Find the unusual and unique in Pagosa Springs, Four Corners Business Journal, Dec. 5-18,2005

PAGOSA SPRINGS – Pagosa area residents spend 47 percent of their total retail expenditures outside Archuleta County. It is not uncommon for residents to drive to Durango or Farmington to do their shopping, particularly for general merchandise, where outflow is as high as 75 percent. However, one of the charming things about Pagosa Springs is that the town has no mall, no big box retailer and few chain stores. Residents can find just about everything they are looking for in town, they just might not be able to choose from 20 different brands of MP3 players. While you may not be able to get an iPod (Radio Shack is currently out of stock) you can find things in Pagosa that you will not find anywhere else.

Jewelry is a big holiday gift item and Pagosa Springs has options. Custom jewelry designer Summer Phillips (123 N. 15th Street) creates one-of-a-kind jewelry created for each individual client and John Pingenot (River Center) cuts gemstones in a unique and detailed way, creating miniature sculptures one can wear on a pendant or on a finger. If gemstones are not your thing, or out of your price range, check out the semi-precious stones and antique beads in the jewelry created by Artisan Monika Murphy at Astara (Hot Springs Resort). Newly opened Puttin’ on the Rydz also sells semi-precious gemstone jewelry created by local artisan Pat Rydz. Rydz work is much larger and chunkier than the petite work of bead artist Kathryn Cole at Crazy for Beads (River Center). Cole is also a fine silversmith who creates beautiful sterling silver pendants and earrings in large organic forms.

If it is Native American jewelry you are looking for, no need to drive to Santa Fe, journey to Pagosa and visit Lantern Dancer (River Center) where you can find Santa Fe quality at Pagosa prices. Check out the beautiful craftsman ship of Alfred Lee and the Huichol beaded earrings. They have every precious and semi-precious gemstone available in numerous settings, mostly silver, but some gold, and the prices are very affordable. For more traditional gold, diamonds and watches there is Jem Jewelers (27D Talisman Drive) and next door you will find a great selection of Kenny Ma jewelry at The Plaid Pony (27C Talisman Drive). Victoria’s Reign (274 Pagosa Street) also stocks antique replica jewelry.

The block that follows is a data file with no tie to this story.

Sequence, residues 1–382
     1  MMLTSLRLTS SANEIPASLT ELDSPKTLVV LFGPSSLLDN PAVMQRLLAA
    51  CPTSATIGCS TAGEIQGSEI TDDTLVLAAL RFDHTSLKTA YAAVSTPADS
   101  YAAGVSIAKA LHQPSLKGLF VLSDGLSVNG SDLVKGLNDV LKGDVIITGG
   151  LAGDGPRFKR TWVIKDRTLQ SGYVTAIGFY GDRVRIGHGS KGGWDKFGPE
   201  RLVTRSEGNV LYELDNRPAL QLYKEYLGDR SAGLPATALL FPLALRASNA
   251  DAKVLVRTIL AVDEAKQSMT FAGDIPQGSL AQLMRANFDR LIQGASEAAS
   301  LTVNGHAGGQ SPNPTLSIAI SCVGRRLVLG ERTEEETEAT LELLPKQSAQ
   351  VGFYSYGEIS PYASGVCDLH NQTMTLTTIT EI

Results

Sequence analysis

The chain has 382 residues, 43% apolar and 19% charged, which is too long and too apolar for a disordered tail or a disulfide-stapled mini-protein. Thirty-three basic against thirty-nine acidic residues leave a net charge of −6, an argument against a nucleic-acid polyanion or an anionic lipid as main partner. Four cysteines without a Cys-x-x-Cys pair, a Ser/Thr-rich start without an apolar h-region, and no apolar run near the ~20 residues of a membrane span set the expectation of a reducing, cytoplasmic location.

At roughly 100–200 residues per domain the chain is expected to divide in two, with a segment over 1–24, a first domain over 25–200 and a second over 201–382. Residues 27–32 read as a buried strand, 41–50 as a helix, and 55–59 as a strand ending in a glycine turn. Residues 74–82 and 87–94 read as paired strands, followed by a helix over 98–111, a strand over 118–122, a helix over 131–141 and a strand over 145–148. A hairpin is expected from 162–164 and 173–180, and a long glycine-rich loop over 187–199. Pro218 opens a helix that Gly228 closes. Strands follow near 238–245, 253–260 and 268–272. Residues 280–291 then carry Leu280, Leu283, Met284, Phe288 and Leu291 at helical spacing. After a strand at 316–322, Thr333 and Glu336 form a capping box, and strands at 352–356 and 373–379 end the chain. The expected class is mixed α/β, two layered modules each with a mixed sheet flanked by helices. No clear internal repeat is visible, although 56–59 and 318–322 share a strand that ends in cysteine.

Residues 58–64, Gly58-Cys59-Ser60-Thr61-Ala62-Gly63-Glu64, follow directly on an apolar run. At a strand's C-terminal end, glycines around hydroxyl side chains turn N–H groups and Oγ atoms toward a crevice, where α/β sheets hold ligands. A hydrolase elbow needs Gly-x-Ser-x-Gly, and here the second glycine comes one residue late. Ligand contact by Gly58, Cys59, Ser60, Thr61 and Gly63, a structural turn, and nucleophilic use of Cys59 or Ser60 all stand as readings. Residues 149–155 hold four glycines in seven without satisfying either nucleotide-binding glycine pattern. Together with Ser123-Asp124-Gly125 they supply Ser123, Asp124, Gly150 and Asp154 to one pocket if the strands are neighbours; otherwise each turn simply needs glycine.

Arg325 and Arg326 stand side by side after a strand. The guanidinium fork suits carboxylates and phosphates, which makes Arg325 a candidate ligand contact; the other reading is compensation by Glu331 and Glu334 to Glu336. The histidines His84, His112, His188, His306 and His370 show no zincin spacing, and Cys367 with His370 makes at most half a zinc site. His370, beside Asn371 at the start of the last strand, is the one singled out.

For the real thing, don’t miss Main Street Antiques (438B Pagosa Street) with a fine collection of old jewelry and costume jewelry and some really fun replicas by New York designers Ann Koplick and Catherine Popesco, who create new jewelry from old molds. Daisy Valentine’s (250 Pagosa Street) has artisan-made jewelry and the latest trends in costume jewelry can be found at Happy Trails Ladies Boutique (454 Pagosa Street) and Miss Jean’s (175 Pagosa Street). Goodman’s Department Store (402 Pagosa Street) carries a nice selection of Brighton jewelry and bags and the Hogs Breath Saloon (157 Navajo Trail Drive) has South Dakota Gold.

If it’s electronics you are looking for, you can find them in Pagosa. From cell phones and satellite radio at Ensignal (2035 Eagle Drive, Suite 111) and Radio Shack (140 Country Center Drive) to stereos and home entertainment at Superior Car and Home Audio/Video (424 Pagosa Street), Sears (140 South Sixth Street) and even Alco (Country Center).

Want something truly original? Try buying handcrafted artisan work and fine art. Pagosa has a great selection of art available. Wild Spirit Gallery (408 San Juan Street) features the work of 35 local, regional and national artists with a focus on landscape and western art: Wayne Justus, Carole Cooke, Pierre Mion, Charles Ewing, Clive R. Tyler, Tom Lockhart, Milton Lewis, Avonna Lee Landwehr, Kent Gordon, Jake Gaedtke, Randall Davis and others. At Handcrafted Interiors (251 Pagosa Street) you can find the exquisite Old Stones Furniture of award-winning artisan Cappy White and hand turned wooden bowls and pottery. At Lantern Dancer (River Center) pick up a Jemez Pueblo storyteller nativity set by Antonito artist Clifford Kim Fragua, or purchase one of his contemporary storytellers. Lantern Dancer also carries the pottery of Navajo artist Dennis Charlie and Ute Mountain Ute artist Norman Lansing. Pagosa artist Darlene Raes paints intricate detailed paintings on feathers and the paintings of Pagosa favorites Claire Goldrick and Sue Weaver are also available.